Wi-Fi adapter is a device that’s installed on your PC and receives a signal from your router. If the adapter doesn’t work, you won’t be able to use your internet. There are reports about thousands of problems associated with Wi-Fi and network right after people had upgraded their computer to Windows 10 when most of them had not a single issue while working on Windows 7 or Windows 8. Sometimes your computer can’t even detect Wi-Fi adapter that’s installed on your PC.

We have created this article to help you fix all issues associated with Wi-Fi adapter. There are three main things you can do before thinking about buying a new Wi-Fi adapter.

Solutions to similar network errors:

1. Run Network Troubleshooter

Of course, you can start by resetting TCP/IP stack or do a registry tweak through Command Prompt, but to get things clear we advise running a Network Troubleshooter and see if Windows can correct its own mistakes. Running a Troubleshooter will scan your computer and then fix all mistakes if that’s possible. Often all you have to do is one click, and all your problems are solved. If that doesn’t help, try updating Network adapters drivers. Follow steps below to do previously mentioned things:

  1. You can perform a Network Troubleshoot in two ways. First, locate a Wi-Fi or network icon. Then right-click and choose “Troubleshoot problems.”Wifi troubleshooter
  2. Windows Network Diagnostics will scan your PC for any errors. Once the scan is done, windows will appear displaying all problems, if they are fixed and possible solutions.Wifi adapter problem

You can also locate and troubleshoot your Wi-Fi adapter by doing following steps:

  1. Click Windows icon on the toolbar. Type “troubleshoot.” Open Troubleshooting. search Wifi troubleshooter
  2. The following window will appear. Now you can choose what to troubleshoot. Choose “Internet Connections” and press “Run the troubleshooter.Troubleshoot

Once again wait until the scan is completed and when it is you will see possible solutions. Perform recommended solution if that’s possible. If not try our other solutions.

2. Updating Network adapters driver

  1. In the Device Manager screen look for Network adapters. Now just locate your Network adapter, right-click it and press “Update driver“. You can also try to uninstall it so that computer on the next start up automatically installs default driver. Update driver
  2. If updating driver didn’t help, choose Uninstall device. Click Ok.
  3. Restart your computer. When your Windows launches, it will automatically install the default wireless driver.

3. Performing a registry tweak through Command Prompt

This method requires writing some commands on Command Prompt. Many Windows 10 users claimed that this fixes the problem with WI-Fi adapter in most cases. Follow steps below:

  1. To access command prompt, click start and type cmd. Right click on Command Prompt and choose Run as administrator. You can also access it by pressing Windows key + X or just right-clicking Windows icon on the toolbar. Once it’s done, in the menu choose Command Prompt (Admin).CMD prompt
  2. Once the Command Prompt window is open, type in or just copy-paste following command: netcfg –s n and hit “Enter.” With this command, you can see a list of network protocols as well as drivers. Take a careful look at this list and try to locate “DNI_DNE” if you find it, you definitely have a problem.Cmd command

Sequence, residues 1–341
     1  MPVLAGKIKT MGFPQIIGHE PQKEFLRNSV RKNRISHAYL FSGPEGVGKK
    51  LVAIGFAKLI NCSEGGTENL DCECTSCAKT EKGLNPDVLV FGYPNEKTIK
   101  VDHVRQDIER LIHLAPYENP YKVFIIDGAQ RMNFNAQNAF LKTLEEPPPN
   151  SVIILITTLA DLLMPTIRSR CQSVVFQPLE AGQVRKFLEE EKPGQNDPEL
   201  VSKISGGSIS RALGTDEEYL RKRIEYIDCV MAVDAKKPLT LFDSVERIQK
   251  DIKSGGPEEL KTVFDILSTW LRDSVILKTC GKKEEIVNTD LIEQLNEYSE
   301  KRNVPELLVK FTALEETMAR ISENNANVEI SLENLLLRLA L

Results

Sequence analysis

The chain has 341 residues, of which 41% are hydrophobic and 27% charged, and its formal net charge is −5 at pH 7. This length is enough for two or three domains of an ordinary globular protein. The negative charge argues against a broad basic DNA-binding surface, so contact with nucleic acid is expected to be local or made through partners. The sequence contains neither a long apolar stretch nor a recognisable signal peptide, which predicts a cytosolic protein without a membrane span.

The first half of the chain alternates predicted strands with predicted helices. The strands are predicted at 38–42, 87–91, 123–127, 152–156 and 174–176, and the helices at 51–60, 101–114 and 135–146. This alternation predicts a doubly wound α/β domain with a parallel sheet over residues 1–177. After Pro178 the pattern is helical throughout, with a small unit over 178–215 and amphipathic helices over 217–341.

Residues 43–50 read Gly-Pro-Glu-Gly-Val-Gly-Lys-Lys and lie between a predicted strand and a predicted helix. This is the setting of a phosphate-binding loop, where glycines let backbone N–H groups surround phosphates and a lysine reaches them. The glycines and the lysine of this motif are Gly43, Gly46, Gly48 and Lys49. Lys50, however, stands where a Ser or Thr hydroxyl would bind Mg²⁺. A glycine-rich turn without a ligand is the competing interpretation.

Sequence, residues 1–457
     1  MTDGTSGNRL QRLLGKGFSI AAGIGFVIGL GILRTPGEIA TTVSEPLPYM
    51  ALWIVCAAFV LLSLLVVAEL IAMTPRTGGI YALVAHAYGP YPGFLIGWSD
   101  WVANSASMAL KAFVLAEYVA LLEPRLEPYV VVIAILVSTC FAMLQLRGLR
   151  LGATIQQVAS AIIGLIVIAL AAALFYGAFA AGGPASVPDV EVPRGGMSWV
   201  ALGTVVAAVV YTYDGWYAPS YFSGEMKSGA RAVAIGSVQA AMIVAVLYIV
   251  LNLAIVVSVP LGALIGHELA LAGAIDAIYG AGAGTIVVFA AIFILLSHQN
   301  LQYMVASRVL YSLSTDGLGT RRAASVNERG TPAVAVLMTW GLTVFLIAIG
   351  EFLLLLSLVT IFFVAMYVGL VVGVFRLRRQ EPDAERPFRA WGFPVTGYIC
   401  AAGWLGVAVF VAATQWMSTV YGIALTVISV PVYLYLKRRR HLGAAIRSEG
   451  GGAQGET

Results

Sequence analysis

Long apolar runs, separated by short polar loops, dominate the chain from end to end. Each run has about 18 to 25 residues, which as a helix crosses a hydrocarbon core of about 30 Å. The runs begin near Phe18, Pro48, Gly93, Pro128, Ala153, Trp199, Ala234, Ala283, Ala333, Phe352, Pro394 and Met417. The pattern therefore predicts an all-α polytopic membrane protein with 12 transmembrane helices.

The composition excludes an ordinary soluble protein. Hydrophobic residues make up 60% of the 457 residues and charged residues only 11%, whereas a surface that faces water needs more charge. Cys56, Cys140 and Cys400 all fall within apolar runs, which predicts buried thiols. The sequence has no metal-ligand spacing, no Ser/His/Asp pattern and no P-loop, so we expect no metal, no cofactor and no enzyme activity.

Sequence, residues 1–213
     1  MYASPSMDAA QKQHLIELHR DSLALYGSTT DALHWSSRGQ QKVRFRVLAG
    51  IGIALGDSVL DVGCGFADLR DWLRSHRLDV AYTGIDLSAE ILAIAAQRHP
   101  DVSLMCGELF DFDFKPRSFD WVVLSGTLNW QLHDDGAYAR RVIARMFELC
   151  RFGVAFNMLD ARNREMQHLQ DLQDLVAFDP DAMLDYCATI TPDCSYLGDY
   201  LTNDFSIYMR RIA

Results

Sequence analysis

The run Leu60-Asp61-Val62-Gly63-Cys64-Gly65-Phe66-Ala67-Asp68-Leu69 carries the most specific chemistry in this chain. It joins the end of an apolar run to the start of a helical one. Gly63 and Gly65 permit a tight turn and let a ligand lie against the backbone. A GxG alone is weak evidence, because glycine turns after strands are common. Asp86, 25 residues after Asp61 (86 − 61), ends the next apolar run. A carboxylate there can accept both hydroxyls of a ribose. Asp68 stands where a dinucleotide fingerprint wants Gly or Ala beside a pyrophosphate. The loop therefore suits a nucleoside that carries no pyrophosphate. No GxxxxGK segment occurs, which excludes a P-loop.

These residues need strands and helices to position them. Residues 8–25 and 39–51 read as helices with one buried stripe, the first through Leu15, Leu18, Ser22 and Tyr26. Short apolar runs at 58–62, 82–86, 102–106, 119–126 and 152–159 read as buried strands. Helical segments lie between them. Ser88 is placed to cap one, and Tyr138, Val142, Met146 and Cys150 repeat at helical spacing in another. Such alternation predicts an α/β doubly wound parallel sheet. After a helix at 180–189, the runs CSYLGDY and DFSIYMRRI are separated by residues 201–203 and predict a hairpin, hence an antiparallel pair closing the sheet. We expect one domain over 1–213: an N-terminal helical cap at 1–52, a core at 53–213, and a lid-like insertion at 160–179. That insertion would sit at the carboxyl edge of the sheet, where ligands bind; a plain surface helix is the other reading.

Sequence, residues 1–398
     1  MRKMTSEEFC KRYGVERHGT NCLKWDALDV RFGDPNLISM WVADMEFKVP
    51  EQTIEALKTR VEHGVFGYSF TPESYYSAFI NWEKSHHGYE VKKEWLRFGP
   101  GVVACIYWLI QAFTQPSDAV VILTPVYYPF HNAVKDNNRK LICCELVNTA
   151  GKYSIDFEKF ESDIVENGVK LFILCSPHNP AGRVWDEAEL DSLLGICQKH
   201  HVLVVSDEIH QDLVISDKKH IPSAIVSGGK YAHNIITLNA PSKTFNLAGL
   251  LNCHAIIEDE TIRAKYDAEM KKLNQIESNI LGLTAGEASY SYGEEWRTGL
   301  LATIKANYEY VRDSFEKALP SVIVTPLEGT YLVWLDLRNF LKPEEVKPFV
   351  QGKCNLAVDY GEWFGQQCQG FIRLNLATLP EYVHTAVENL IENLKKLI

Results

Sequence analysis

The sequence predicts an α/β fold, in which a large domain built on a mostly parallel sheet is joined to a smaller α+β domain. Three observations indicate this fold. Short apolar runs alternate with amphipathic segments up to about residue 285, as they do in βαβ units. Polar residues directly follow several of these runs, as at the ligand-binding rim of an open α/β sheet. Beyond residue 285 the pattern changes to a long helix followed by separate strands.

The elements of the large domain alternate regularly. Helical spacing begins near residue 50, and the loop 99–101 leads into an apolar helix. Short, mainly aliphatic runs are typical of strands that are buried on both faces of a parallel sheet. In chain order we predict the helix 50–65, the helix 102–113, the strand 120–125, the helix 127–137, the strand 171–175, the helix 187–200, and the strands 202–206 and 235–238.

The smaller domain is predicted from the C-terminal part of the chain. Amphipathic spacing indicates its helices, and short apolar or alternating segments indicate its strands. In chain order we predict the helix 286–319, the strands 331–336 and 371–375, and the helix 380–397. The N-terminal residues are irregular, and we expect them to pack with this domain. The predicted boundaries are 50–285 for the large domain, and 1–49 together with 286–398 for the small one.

3. If you have found the “DNI_DNE”, copy and paste the following command “
  4. reg delete HKCR\CLSID\{988248f3-a1ad-49bf-9170-676cbbc36ba3} /fnetcfg -v -u dni_dne” and press Enter.
  5. After entering previously mentioned commands, you should solve your issues and regain access to your internet. However, some of you might get an “error 0x80004002“. This means that the value is not the registry and it has to be deleted a bit differently. See solution below:

In Windows search section type: “regedit”. The Registry Editor will open. Next, you have to go path HKEY_CLASSES_ROOT\CLSID\{988248f3-a1ad-49bf-9170-676cbbc36ba3} and then delete DNI_DNE.

4. Resetting TCP/IP stack

If none of the previous solutions helped you fix the issue, you can try to reset TCP/IP stack. To do so, you will have to enter some commands in Command Prompt. Here’s what you have to do:

  1. Open Command Prompt. (To access command prompt, click start and type cmd. Right click on Command Prompt and choose Run as administrator)
  2. Now you will have to enter following commands in the exact order:
  • netsh int ip reset
  • netsh int tcp set heuristics disabled
  • netsh int tcp set global autotuninglevel=disabled
  • netsh int tcp set global rss=enabled

Once that’s done, restart your computer and check if you’re able to connect to Wi-Fi.

Other possible solutions

Sometimes weak Wi-Fi signal can cause issues.  For example, if you are using a stationary PC with USB Wi-Fi adapter that’s plugged directly into the back of your PC, you might not be able to connect to your network as PC case absorbs radio waves. This can be simply fixed by connecting your Wi-Fi adapter to your PC through USB extension cable.

Somes the problem can be within the Windows itself. I have had problems with Windows many times. How did I solve them? Reinstalled Windows 10. There can be some kind of installation error that blocks Wi-Fi adapter, doesn’t let you install particular software like MS Office or Adobe Photoshop. When you have read tens of forums looking for an answer and nothing seems to work, but you know that your adapter is fine, reinstalling Windows might help. It has helped me numerous of times.


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